Palin Goes for the Gold

The “Alaska” finale leaves us with a cliffhanger: is Reality TV a new step in the yellow brick road to the White House – or just a path covered in pyrite?

On the final installment of “Sarah Palin’s Alaska,” which aired Sunday on TLC, the presidential wannabe went panning for gold.

"Does it come down to who works hardest or who's the luckiest?" Palin asked her gold-mining guide.

It's enough to leave you wondering whether the prospecting scenes simply reflect the latest Palin Family outdoorsy fun or serve as a convenient metaphor for her political aspirations (or both). But the images of Palin going for the gold undoubtedly delivered an apt end to an often fascinating show that yielded plenty of pyrite amid gems offering varied (and not always flattering) reflections of the woman who would be president.

Never before has an American TV audience spent this much time, unfiltered by the press, with a prospective leader of the free world and her family – albeit through the fun-house mirror that is the lens of Reality TV, the fuzzy lingua franca of this strange era in television.

During the eight episodes (plus a one-hour retrospective special with outtakes), viewers got welcome glimpses of the undeniably beautiful Alaskan landscape, which provided a scenic stage for lots of kayaking, camping, hiking fishing and even lessons in logging.

But the series wasn’t an infomercial for Alaska as much for Palin, who might not really be able to spot Russia from her window – but you betcha she can see clear all the way to the White House.

The images of an attractive family amid the stunning backdrop proved at times powerful – and entertaining as they sloshed their way through some bumpy white water rafting, spotted battling bears and gutted fish. We can never know what happens when the cameras are off, but there seems to be affection among the family members, who possess an impressive energy.

Nine-year-old daughter Piper, in particular, comes across as an outspoken, independent spirit who’s a natural in front of the camera – perhaps because she’s spent a larger percentage of her life in front of them than the older members of her family. When Sarah Palin tearfully talks about her hopes for her 2-year-old son, Trig, who has Down syndrome, she genuinely connects with the audience as a caring mom.

But much of the positive impact was blunted by Palin playing her Mama Grizzly character, shooting from the hip, verbally and otherwise. We witnessed her gun down a caribou, fire at a charging wooden bear target on wheels – and take a gratuitous pot shot at Michelle Obama’s efforts to fight childhood obesity, painting the First Lady as an elitist enemy of s’mores.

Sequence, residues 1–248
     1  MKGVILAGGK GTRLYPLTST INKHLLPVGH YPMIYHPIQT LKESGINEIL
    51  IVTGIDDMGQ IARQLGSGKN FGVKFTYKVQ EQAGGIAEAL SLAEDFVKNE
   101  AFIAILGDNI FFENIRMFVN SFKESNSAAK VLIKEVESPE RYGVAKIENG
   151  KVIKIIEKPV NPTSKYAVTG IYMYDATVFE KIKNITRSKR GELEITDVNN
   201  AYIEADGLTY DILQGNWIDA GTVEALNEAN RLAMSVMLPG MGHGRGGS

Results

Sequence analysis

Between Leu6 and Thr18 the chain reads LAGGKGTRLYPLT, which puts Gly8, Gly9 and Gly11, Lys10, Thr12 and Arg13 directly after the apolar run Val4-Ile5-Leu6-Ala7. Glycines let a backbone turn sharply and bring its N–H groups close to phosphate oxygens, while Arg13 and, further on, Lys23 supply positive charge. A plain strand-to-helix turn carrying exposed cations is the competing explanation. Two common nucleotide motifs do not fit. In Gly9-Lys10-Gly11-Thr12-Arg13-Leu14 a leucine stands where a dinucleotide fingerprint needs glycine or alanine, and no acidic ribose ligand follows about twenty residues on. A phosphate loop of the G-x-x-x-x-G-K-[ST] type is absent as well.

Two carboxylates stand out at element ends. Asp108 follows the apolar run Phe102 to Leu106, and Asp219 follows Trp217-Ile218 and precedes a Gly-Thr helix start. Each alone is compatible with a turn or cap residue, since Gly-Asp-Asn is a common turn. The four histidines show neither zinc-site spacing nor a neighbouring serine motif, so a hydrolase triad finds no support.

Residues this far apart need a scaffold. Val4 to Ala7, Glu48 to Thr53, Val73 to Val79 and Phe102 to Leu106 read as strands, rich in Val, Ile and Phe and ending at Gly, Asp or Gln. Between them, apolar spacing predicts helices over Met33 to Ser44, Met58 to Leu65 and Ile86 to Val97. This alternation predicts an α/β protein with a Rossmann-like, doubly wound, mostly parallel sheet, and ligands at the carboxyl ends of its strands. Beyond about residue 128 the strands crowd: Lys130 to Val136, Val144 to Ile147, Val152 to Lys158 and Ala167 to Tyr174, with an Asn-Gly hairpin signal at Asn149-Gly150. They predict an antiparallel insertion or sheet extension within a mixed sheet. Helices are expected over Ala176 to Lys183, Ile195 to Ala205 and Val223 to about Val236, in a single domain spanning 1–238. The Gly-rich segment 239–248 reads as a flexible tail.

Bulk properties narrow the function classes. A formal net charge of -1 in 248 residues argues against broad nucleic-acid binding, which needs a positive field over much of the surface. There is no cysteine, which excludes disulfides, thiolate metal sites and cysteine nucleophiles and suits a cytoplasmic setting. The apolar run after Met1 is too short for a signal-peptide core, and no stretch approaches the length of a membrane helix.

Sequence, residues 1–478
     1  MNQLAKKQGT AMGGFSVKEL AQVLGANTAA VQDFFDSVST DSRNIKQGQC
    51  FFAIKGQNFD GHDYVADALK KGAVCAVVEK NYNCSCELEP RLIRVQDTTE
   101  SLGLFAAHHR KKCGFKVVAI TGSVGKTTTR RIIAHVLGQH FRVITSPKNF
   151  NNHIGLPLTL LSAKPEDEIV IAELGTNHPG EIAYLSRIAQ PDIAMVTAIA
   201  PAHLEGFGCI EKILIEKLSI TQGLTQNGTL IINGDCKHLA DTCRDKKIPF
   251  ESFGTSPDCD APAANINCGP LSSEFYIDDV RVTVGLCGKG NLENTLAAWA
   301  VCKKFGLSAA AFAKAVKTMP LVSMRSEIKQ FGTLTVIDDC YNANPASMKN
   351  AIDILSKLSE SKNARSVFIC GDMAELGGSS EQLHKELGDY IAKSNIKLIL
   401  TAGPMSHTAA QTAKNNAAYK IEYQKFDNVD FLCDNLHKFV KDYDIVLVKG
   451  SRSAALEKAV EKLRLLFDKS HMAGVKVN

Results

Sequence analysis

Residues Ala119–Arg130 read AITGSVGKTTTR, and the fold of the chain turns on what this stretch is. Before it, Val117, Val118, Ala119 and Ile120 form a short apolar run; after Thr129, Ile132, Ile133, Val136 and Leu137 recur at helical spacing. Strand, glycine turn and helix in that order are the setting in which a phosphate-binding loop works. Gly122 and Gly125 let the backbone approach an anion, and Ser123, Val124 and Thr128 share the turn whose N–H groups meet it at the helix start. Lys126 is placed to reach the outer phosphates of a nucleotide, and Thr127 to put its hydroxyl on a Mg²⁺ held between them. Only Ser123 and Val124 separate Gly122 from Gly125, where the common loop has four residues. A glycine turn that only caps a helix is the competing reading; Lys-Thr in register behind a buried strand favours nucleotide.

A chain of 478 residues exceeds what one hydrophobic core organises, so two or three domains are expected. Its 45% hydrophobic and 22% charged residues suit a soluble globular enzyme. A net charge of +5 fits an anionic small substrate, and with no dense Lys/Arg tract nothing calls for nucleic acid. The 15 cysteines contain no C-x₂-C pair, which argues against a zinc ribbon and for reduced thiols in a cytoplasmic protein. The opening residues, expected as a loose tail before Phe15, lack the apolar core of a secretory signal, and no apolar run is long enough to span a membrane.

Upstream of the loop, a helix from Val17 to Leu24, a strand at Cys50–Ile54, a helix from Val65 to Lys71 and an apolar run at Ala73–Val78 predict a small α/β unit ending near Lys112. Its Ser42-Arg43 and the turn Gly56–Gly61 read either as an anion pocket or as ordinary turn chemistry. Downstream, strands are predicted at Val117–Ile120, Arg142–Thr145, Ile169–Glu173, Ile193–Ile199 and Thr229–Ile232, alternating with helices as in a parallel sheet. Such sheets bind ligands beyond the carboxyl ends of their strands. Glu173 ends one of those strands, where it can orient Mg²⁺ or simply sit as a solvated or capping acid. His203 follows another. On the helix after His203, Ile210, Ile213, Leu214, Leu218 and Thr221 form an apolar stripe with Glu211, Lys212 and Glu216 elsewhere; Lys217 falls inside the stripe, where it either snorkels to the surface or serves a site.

"This is in honor of Michelle Obama, who said the other day we should not have dessert," Palin declared as she collected s’mores ingredients during a family camping trip.

The line, like much of the purportedly unscripted show filled with outdoorsy activities and folksy charm, seemed calculated to build on the scrappy hockey-mom/political maverick persona Palin began cultivating when she was thrust into the nation spotlight in 2008. Palin is determined to present herself as the next Ronald Reagan, and she clearly has used to the program to project bygone Reaganesque notions of rugged individualism, with a God-helps-those-who-help-themselves subtext that was as unrealistic then as now.

In the first episode of “Sarah Palin’s Alaska,” the former GOP vice presidential candidate told us that she and her family are "normal, average everyday Americans" – which, no matter what you think of her, is, at this point in their lives, untrue.

It’s unclear, though, whether the show, a kind of Rorschach test wrought in snow, will change anyone’s mind about Palin or just reinforce previously held opinions.

A recent poll by Public Policy Polling found that 58 percent of Alaskans hold an unfavorable view of their former governor. Her debut show drew 5 million viewers, a TLC record, and settled into an average of 3.2 million – hardly “Jersey Shore” numbers (last week’s third season premiere attracted 8.45 million viewers), but very respectable.

The ratings probably will turn out to be strong for the “Sarah Palin’s Alaska” finale, most likely because of well-timed recent reports the program won’t be back for a second season. That may be the strongest signal yet that Palin will run for president. Perhaps she’s taking old-school GOPers' criticisms of her as a reality show lightweight to heart, and she’ll instead stick largely to her online and Fox News platforms. Or maybe there’s another Palin plan in the offing.

She may not have the following of Snooki or even her recent guest star, Kate Gosselin, but Palin’s Reality TV gambit already might be inspiring others. Donald Trump revealed last week that this season’s “Celebrity Apprentice” finale could include an announcement on whether he’s hiring himself as a 2012 presidential candidate.

Time will tell whether we’ve reached the sad point where having a Reality TV show is a mandatory step along the yellow brick road to the White House – or just another path covered in fool’s gold.

Hester is founding director of the award-winning, multi-media NYCity News Service at the City University of New York Graduate School of Journalism. He is the former City Editor of the New York Daily News, where he started as a reporter in 1992. Follow him on Twitter.

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